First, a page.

What is Pseudocommunity?

Scott Peck, author of The Different Drum, calls the first stage in the community building process “pseudocommunity”.  From his Wikipedia page: “In the first stage, well-intentioned people try to demonstrate their ability to be friendly and sociable, but they do not really delve beneath the surface of each other’s ideas or emotions.  They use obvious generalities and mutually established stereotypes in speech.  Instead of conflict resolution, pseudocommunity involves conflict avoidance, which maintains the appearance or facade of true community.  It also serves only to maintain positive emotions, instead of creating a safe space for honesty and love through bad emotions as well. While they still remain in this phase, members will never really obtain evolution or change, as individuals or as a bunch.” (See all the stages here.)

A more succinct definition of pseudocommunity is provided by “A group of people who appear to be a community but between whom there is no genuine commonality or depth of interaction.”


Pseudocommunity; Not a Community – Yet

Pseudocommunity, stage one, is where all groups begin.  Much of what is generally referred to as “community”, cities and towns, parishes, social clubs, etc. is, in fact, pseudocommunity.

Pseudocommunity can be likened to a masquerade party.  We don our costumes and masks and carefully apply our makeup.  We choose who we want to be – who we want to show to the others at the party.  We have fun and we meet people but the people we meet are only meeting the characters the masks portray.  We don’t really see who is behind the mask.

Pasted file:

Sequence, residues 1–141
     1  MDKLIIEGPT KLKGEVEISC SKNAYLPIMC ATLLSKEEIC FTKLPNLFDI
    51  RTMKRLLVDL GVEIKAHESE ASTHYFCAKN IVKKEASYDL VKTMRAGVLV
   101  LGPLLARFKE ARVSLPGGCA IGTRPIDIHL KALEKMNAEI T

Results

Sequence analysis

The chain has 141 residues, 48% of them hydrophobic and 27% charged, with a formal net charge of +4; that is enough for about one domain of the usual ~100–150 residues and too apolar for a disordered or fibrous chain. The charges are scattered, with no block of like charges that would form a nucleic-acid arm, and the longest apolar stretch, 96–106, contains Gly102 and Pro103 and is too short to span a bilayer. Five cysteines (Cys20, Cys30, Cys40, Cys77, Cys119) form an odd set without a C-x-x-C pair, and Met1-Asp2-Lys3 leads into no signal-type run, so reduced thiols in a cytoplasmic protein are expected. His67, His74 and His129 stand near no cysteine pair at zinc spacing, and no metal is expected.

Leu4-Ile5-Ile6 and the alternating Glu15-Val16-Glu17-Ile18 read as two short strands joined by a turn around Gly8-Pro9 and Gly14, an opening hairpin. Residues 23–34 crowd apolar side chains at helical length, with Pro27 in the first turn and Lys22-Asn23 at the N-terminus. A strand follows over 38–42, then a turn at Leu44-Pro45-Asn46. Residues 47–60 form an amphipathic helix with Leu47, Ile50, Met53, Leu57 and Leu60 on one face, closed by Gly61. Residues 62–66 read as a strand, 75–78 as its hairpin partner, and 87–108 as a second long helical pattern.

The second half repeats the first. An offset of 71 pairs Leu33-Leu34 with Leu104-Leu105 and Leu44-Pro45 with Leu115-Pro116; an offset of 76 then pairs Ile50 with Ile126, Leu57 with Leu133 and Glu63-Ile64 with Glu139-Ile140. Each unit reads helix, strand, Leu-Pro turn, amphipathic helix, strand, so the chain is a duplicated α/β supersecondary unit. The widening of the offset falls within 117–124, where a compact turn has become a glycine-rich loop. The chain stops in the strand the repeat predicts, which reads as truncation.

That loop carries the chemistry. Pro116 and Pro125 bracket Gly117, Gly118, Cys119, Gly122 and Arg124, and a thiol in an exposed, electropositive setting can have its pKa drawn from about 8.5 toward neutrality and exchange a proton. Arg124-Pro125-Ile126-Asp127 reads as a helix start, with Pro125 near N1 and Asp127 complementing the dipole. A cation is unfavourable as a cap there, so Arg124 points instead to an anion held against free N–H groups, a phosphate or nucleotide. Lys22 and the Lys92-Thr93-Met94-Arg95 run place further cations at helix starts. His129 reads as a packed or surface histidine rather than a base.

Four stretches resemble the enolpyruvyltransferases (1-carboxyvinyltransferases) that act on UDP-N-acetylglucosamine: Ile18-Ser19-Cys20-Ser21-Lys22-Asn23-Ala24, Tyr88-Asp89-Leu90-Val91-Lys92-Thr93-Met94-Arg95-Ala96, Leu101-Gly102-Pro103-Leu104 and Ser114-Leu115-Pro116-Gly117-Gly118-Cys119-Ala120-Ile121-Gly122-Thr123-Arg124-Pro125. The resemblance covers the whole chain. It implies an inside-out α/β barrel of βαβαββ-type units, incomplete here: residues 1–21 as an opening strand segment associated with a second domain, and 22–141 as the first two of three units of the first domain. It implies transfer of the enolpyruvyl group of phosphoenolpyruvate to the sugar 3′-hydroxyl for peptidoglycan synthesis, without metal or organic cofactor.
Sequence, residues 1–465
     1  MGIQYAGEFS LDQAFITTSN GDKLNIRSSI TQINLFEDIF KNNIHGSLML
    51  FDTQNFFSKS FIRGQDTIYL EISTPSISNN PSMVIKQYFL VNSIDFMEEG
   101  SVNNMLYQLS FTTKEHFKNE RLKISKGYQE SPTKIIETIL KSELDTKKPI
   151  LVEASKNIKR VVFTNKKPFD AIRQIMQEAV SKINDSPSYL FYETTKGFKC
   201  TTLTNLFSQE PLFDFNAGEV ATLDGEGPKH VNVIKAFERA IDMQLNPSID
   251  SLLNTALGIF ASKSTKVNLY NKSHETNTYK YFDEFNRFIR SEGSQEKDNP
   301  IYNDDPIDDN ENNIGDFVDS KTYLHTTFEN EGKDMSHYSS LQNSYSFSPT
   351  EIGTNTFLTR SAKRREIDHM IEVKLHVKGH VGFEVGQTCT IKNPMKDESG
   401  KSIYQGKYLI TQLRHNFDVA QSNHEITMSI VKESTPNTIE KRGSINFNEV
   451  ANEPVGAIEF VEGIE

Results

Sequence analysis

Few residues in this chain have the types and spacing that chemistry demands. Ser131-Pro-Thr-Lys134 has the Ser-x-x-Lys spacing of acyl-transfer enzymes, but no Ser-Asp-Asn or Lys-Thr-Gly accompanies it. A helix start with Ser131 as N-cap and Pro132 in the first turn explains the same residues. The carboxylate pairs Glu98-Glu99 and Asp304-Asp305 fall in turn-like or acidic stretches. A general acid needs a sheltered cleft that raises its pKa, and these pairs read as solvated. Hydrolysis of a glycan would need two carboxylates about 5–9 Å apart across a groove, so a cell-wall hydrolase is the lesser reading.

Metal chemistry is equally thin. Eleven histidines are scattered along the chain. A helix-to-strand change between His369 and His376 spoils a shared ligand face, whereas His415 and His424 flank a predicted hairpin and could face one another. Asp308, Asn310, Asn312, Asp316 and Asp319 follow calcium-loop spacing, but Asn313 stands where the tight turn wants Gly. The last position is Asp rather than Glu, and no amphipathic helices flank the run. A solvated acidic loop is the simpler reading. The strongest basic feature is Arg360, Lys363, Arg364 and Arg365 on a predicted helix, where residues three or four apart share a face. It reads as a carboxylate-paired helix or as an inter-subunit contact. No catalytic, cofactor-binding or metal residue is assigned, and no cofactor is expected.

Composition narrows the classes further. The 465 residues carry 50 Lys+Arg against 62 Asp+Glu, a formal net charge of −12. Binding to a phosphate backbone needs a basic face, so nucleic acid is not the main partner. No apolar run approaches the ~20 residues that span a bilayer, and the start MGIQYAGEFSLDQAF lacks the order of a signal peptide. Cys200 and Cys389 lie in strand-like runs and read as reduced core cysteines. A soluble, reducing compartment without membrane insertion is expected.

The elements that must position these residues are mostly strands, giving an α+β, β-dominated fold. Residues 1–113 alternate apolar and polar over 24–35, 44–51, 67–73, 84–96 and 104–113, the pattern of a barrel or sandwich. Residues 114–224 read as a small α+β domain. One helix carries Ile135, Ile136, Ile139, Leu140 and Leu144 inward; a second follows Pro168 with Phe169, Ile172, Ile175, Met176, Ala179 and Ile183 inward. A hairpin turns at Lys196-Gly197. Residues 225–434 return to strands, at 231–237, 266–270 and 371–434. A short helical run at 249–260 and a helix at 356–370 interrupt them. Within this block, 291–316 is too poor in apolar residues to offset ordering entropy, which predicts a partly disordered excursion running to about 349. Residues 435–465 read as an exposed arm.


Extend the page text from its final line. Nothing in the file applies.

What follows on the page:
The End of the Party

We assume because of our cordiality and desire to get along with others in the group – all which create a feeling of camaraderie – that we already are a community.  Why would that assumption be a bad thing?  Two reasons.  This is only the first stage of the journey.  And, second,  if the group believes itself to be in community, when conflicts arise when the tenuous peace and facades fall away, the members will feel as if something has gone wrong.  The general feeling is this: it’s not fun anymore, it’s not working like it used to, it’s not what I signed up for and I’m quitting, thank you very much, goodbye!


The Irony 

When the group moves out of pseudocommunity into chaos, the second stage of the community building process, “it” is working.  We don’t truly get to know anyone until we remove our masks and engage in authentic communication.  It doesn’t serve us to hide and observe the people at the party through the eye-holes in our masks, though that’s how the party begins, just as it is how community building begins.

Community building is about communicating at a deeper, authentic level.  Until you’ve taken the risk of removing your mask with your group, you’ll ever be viewing community from a distance, peering through the holes in your mask, separated from the others by your reluctance to participate authentically in the communication process as it unfolds.  Building community is a tentative peeking from behind the masks and then a gradual lifting and removing them to come face to face with the wonderful people in our world.


Can you relate to this stage of the community building process?

Photo Credit: Gavia Party

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About The Author

I have always loved writing and community building. I’ve written a book about healing and happiness, The Happy Place, as well as a Community Building book, Sounding the Drum: Community Building in the Digital Age,both available at any Amazon store. I’ve been through life changes that I thought were the end of my world, but I’m still here. You never know what will happen next. Isn’t that what makes life interesting?